It's true these days that most of the clothes that we buy are not built to last for more than a season (or two). We all love a good bargain and love to show off a great bargain. But some things we buy simply aren't bargains -- they don't last long enough to make it worth the expense, or worse yet, they look like a bargain (in Peg's words, they look "cheap").
Wouldn't you like some general tips about what type of clothing items you can save money on and still look good, and what you should save your pennies to buy? In this final part of the I Hate to Housekeep series I'll share some of Peg's advice about your wardrobe that I believe has stood the test of time.
|Doesn't the little girl in this Hillary Knight illustration look a lot like Eloise?|
First a little advice from me: if you know the item is going to wear out quickly, I suggest buying it from the clearance rack, or even better, at a consignment or thrift store.
A personal example of this are cotton knit t-shirts because they are a basic wardrobe staple that I frequently wear with jeans. Over time they become stained, or the color washes out, or the cotton simply wears so thin that the fabric starts to look cheap. I'm not the type to spend upwards of $20 on a t-shirt so I know that it is best to buy low priced items that can head to the rag bag when they get ratty.
And here is Peg's advice about clothes you can cheat on -- in her words, "buy cheap" -- and get away with it, and those clothing items you should buy to last. Keep in mind that this is 1960s advice, apply it in terms of your wardrobe and lifestyle. Some of us attend cocktail parties; some of us don't.
What You Can Cheat On
- Summer shoes. (You'll have probably worn things like flip-flops and espadrilles out by the end of summer if you wear them frequently).
- Summer cottons or synthetic dresses. Peg says, "Dispose of them at the end of the season because at that point the cheap ones have lost their bounce. If you don't dispose of them, you'll continue to wear them and they'll look their price."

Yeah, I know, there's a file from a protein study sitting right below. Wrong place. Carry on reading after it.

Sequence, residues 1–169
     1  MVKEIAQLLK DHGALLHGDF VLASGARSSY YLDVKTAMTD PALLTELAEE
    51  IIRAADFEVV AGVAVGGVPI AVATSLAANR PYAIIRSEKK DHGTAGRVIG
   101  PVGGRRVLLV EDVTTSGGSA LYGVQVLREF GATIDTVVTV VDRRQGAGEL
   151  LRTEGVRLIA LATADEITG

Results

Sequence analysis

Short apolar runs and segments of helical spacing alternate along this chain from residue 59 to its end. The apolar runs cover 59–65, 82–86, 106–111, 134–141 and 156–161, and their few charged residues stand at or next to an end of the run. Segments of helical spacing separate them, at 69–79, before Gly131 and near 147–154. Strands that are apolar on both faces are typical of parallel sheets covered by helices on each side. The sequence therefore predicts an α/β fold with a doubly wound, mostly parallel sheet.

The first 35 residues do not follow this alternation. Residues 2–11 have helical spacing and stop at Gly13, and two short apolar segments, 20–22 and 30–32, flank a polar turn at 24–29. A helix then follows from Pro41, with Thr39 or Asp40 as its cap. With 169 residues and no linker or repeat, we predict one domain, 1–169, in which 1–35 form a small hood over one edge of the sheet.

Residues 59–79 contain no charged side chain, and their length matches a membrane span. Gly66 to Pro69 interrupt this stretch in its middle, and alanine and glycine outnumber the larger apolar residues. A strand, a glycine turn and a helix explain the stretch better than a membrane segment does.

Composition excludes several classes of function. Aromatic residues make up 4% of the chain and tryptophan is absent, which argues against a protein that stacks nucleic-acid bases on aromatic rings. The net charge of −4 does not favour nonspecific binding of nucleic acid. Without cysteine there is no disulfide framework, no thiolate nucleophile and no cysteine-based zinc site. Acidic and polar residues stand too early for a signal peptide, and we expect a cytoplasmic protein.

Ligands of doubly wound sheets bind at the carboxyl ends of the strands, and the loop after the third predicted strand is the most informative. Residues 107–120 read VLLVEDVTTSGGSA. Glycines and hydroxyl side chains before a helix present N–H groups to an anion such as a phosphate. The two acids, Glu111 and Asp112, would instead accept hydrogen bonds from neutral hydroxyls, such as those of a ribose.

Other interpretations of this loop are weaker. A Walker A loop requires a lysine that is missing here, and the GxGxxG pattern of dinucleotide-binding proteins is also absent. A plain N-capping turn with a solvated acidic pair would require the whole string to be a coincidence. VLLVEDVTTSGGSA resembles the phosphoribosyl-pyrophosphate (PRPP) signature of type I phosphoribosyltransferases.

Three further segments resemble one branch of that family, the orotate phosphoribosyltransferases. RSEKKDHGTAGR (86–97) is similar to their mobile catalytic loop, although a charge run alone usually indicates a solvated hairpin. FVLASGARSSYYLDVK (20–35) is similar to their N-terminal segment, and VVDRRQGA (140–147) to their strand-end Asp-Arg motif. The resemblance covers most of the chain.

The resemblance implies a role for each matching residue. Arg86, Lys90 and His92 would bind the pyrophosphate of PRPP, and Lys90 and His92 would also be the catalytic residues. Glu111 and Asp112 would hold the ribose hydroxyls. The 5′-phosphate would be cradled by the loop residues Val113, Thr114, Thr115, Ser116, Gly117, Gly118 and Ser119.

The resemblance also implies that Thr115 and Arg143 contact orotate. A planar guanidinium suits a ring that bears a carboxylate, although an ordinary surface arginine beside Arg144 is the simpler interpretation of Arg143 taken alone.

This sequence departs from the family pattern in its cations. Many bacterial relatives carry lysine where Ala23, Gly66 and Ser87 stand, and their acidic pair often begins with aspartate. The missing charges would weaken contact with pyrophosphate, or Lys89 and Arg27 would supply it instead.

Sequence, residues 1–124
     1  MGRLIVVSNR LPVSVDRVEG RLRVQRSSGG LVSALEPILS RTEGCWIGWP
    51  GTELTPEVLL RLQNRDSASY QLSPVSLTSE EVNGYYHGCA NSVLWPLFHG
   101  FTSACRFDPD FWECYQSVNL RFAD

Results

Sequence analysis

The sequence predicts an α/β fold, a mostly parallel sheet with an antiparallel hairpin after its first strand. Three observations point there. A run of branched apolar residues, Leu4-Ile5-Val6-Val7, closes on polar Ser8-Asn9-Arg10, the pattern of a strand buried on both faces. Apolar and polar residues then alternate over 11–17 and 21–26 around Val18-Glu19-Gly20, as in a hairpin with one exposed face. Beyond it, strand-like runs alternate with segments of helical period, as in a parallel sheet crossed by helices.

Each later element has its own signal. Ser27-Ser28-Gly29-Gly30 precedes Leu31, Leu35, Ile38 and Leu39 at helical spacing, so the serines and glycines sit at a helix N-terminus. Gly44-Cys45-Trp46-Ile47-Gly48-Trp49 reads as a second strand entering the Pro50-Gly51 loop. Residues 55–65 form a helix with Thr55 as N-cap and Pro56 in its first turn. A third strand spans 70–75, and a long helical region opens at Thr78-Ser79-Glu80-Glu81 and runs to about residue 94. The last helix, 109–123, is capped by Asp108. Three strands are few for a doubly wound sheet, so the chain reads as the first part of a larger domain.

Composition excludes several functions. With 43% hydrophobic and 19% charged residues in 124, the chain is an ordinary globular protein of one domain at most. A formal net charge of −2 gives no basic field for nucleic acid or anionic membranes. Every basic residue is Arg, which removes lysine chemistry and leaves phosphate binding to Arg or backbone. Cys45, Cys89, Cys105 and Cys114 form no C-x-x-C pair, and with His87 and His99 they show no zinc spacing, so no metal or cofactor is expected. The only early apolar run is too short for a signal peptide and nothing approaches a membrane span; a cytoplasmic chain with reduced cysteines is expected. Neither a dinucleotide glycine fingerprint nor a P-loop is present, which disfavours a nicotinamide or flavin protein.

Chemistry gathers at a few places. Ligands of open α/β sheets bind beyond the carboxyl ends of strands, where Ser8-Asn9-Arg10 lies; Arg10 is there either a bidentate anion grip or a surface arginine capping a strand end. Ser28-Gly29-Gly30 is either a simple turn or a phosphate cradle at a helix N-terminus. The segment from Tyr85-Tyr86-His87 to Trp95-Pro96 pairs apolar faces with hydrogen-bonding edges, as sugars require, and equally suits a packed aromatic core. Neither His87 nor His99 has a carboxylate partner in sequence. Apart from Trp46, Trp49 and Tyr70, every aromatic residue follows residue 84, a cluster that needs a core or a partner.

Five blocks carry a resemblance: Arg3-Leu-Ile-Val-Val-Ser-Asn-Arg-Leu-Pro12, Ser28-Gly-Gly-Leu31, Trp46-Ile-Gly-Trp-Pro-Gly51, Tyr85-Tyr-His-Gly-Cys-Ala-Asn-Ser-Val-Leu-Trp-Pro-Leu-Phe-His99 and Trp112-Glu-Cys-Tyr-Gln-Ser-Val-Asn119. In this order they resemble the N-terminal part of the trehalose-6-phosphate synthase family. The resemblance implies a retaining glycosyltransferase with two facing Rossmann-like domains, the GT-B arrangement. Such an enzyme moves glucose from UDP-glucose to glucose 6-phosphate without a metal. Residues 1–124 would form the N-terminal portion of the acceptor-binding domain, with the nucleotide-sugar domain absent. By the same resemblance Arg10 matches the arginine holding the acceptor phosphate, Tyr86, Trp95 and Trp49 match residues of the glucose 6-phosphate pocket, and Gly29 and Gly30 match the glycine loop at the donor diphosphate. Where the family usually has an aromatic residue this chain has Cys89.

- Cocktail dresses, especially bright ones. Peg says, "It takes a trained eye to discern the difference between a flame-colored $22.95 number and a flame-colored $98.95 number, particularly after a couple of Gibsons."
- Jewelry, if you chose carefully. (You know that you can get some fabulous-looking vintage costume jewelry at thrift stores, right?)
- Handbags, ditto.
- Underwear, depending on your audience, if any. (Ha ha ha! Perhaps no one is looking?)
- Girdles and bras. (You've seen countless articles in women's magazines about being fitted for the correct size bra. And the more you spend on your Spanx-like undergarments, the better they will smooth you out and hold you in and the longer they will last.)
- Shoes. Peg says, "The trouble with cheap ones is that they lose their spurious good looks very rapidly but they won't quite fall apart so you go on wearing them." (You put a lot of pressure and weight on your feet every day. Whatever the size, shape, and height of the shoe, buy the best-fitting shoe that you can afford in order to problems like corns that occur because of ill-fitting shoes.)
- Tailored suits, coats, dresses.
- Nylon stockings. Peg says, "Finding the right brand, size, gauge, and denier can take some doing; but once done, they look much better than the grocery type or factory seconds." (If you do wear stockings or tights to work, as part of costume events, or for formal events this tip is very true. Cheap stockings look just that -- cheap.)
- Gloves, except for short white cottons. (Consider this especially if you live in colder climates and wear gloves frequently in fall and winter).